UN, Afghans spar over statues ruined by Taliban

Afghans want to replicate the Bamiyan Buddhas. The UN wants them patched up.

The monumental stone Buddhas of Bamiyan, reduced to rubble by Taliban demolition experts last year, might one day rise again to defy the intolerance that destroyed them.

That is the hope of a UNESCO team of experts due to meet later this month to launch the delicate and controversial task of restoring Afghanistan's best-known historical monument. Enough large pieces of the big Buddha – which stood 175 feet tall in its cliffside niche – remain intact to re-create the statue, says Christian Manhart, a cultural-heritage specialist with the Paris-based UN Educational, Scientific, and Cultural Organization.

"We'll never be able to rebuild these statues," he admits. "But everything that fell from the big Buddha is still there, and part of it is in recognizable big pieces. Perhaps 50 percent of it is useable."

That is enough for archaeologists and restoration experts to work with, using a method known as "anastylosis" – doing a three dimensional jigsaw puzzle with as much of the original stone as remains and filling in the gaps with modern materials.

It is not enough, however, for many Afghans, who would prefer to see replicas of the statues constructed out of concrete or resin – an idea that Western conservationists are doing their best to discourage.

Overlooking the ancient Silk Road, the massive Buddhas carved in sandstone cliffs had stood for around 1,500 years when the fundamentalist Islamic Taliban authorities ruled that they violated their religious ban on human images and idolatry, and ordered their destruction.

Local Taliban fighters, sentimentally attached to the figures, refused to carry out the command. Eventually, local inhabitants say, foreign demolition experts were brought in to set the explosives. Over three weeks and in three separate attempts, the Buddhas were blown up in March 2001.

At the time, UNESCO Director General Koichiro Matsuura called the willful destruction "a crime against culture" and said it was irreversible. But two UNESCO missions to Bamiyan have decided that perhaps enough can be salvaged – at least from the bigger Buddha – to make a restoration effort worthwhile.

The plan, once spring thaws the high mountain plateau next year, is for archaeologists to hunt through the mountain of rubble at the foot of the bigger niche, and to lay out the identifiable pieces on the ground, so as to re-form the statue lying down. If all goes well, says Mr. Manhart, the job could be done by next October.

The Japanese-funded team will be able to draw on a wealth of studies conducted on the Bud- dhas over the years, from Indian archaeological records to geological research that will help pinpoint which layer of the cliff – and thus the statue – a particular block of sandstone came from.

Especially valuable will be a set of stereoscopic photographic images, made 30 years ago by an Austrian mountaineer, which will enable restorers to take the original monuments' measurements to within half an inch of accuracy.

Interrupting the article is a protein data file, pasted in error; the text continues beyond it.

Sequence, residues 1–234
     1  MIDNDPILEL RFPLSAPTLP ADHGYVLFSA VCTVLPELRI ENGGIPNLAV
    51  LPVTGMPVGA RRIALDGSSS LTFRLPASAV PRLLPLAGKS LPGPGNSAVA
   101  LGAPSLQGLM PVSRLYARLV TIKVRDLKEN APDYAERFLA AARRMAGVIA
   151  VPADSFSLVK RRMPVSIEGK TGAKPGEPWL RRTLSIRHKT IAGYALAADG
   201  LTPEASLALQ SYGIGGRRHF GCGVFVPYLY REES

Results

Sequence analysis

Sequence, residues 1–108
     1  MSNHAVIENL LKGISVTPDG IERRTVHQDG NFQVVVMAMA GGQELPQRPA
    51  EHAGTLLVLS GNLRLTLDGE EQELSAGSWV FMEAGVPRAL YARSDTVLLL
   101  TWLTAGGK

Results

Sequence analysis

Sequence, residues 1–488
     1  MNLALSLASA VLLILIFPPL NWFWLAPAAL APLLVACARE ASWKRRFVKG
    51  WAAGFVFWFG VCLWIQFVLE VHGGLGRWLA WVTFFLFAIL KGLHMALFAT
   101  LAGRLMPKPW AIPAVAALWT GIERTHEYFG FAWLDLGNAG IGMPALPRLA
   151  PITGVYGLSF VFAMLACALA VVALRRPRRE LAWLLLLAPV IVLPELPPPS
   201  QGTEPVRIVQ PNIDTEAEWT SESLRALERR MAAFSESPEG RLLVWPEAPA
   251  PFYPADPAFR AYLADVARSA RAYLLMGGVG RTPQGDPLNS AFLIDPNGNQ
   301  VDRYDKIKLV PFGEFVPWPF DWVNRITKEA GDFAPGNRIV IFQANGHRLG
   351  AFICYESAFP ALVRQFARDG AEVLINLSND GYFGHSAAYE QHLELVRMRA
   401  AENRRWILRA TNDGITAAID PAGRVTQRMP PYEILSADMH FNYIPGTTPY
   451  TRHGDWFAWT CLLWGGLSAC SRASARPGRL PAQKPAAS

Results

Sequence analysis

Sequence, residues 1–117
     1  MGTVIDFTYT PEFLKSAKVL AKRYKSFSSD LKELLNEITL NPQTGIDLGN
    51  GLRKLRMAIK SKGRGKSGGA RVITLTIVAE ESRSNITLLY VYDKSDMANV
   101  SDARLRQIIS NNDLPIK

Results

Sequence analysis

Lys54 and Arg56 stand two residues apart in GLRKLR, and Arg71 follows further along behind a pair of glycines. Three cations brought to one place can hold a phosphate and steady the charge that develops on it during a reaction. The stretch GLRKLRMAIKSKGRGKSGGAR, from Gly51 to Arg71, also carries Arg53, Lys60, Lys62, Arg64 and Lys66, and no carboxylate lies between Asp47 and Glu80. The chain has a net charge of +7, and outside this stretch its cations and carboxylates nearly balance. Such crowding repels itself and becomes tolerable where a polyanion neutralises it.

"We'll put the big pieces together, and see what comes out," says Manhart. The holes will have to be filled with concrete, or some other material easily distinguished from the sandstone original, according to the principles of anastylosis.

That procedure "is quite a usual method in archaeology in many sites – tourists wouldn't see much if it wasn't for anastylosis" says Michael Petzet, head of the International Council on Monuments and Sites, which oversees the conservation of historic monuments worldwide.

But the results will undoubtedly disappoint many Afghans, who "only want the figures back as they were before the dynamite," Dr. Petzet says.

"Why deny the Afghans the right to have a copy of their figures in place and to put the originals in a museum?" wonders Paul Bucherer, a Swiss expert on Afghanistan's cultural heritage

The local warlord in the Bamiyan region, Karim Khalili, who is now a vice president of Afghanistan, would rather have replicas of the statues built and installed. At one stage, it appeared as if President Hamid Karzai had commissioned an Afghan sculptor, Amanulah Haiderzad, to construct such replicas. The status of that commission is now unclear.

Other proposals to carve similar statues in similar cliffsides nearby, or to decorate replica statues with the bright golden, blue, and red paint with which they were adorned by Buddhist sculptors 1,500 years ago, have fallen by the wayside.

UNESCO advisers insist that any work on the site must conform to modern archaeological standards, which means no copies, and none of the damage to what is left of the site that would undoubtedly accompany the installation of a replica Buddha.

It is a question of authenticity, says Manhart. "We have to conserve the historical evidence, and the dynamiting of the Buddhas is now part of their history."

"Even before their destruction the Buddhas were already fragmentary," adds Petzet.

"We don't know what the heads looked like because they were destroyed centuries ago, so brand new Bamiyan Buddhas as they would have been in the 5th century cannot be done."

UNESCO officials, who stress that they can only advise the Afghan government, which will decide how to treat the site, believe they have won Kabul over to their thinking. What is clear, says everyone involved with the Buddhas, is the deep attachment Afghans feel for the statues.

"From the former king to common people in the bazaar, they told me that for their moral reconstruction they need the physical reconstruction of those statues," says Mr. Bucherer, who has been visiting Afghanistan for 35 years. "They say we need to get those statues back.

"The Buddhas have a symbolic value," he adds. "Reconstruction would show they had completely got rid of the Al Qaeda and Taliban yoke."

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